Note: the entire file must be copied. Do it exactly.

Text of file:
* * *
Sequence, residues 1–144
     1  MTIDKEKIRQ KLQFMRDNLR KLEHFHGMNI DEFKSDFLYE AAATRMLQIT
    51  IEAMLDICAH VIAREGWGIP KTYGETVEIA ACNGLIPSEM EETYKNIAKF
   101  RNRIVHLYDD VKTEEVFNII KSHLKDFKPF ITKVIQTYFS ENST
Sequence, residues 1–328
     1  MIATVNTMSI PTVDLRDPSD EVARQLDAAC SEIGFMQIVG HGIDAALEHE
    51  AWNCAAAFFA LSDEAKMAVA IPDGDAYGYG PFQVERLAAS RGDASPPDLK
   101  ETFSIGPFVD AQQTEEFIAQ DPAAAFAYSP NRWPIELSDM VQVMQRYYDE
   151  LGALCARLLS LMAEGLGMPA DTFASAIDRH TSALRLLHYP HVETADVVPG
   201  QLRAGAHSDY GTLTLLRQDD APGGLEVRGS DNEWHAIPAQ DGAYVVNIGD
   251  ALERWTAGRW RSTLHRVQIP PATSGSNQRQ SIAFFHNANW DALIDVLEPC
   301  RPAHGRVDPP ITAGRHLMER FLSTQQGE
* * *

Sequence, residues 1–144
     1  MTIDKEKIRQ KLQFMRDNLR KLEHFHGMNI DEFKSDFLYE AAATRMLQIT
    51  IEAMLDICAH VIAREGWGIP KTYGETVEIA ACNGLIPSEM EETYKNIAKF
   101  RNRIVHLYDD VKTEEVFNII KSHLKDFKPF ITKVIQTYFS ENST
Sequence, residues 1–328
     1  MIATVNTMSI PTVDLRDPSD EVARQLDAAC SEIGFMQIVG HGIDAALEHE
    51  AWNCAAAFFA LSDEAKMAVA IPDGDAYGYG PFQVERLAAS RGDASPPDLK
   101  ETFSIGPFVD AQQTEEFIAQ DPAAAFAYSP NRWPIELSDM VQVMQRYYDE
   151  LGALCARLLS LMAEGLGMPA DTFASAIDRH TSALRLLHYP HVETADVVPG
   201  QLRAGAHSDY GTLTLLRQDD APGGLEVRGS DNEWHAIPAQ DGAYVVNIGD
   251  ALERWTAGRW RSTLHRVQIP PATSGSNQRQ SIAFFHNANW DALIDVLEPC
   301  RPAHGRVDPP ITAGRHLMER FLSTQQGE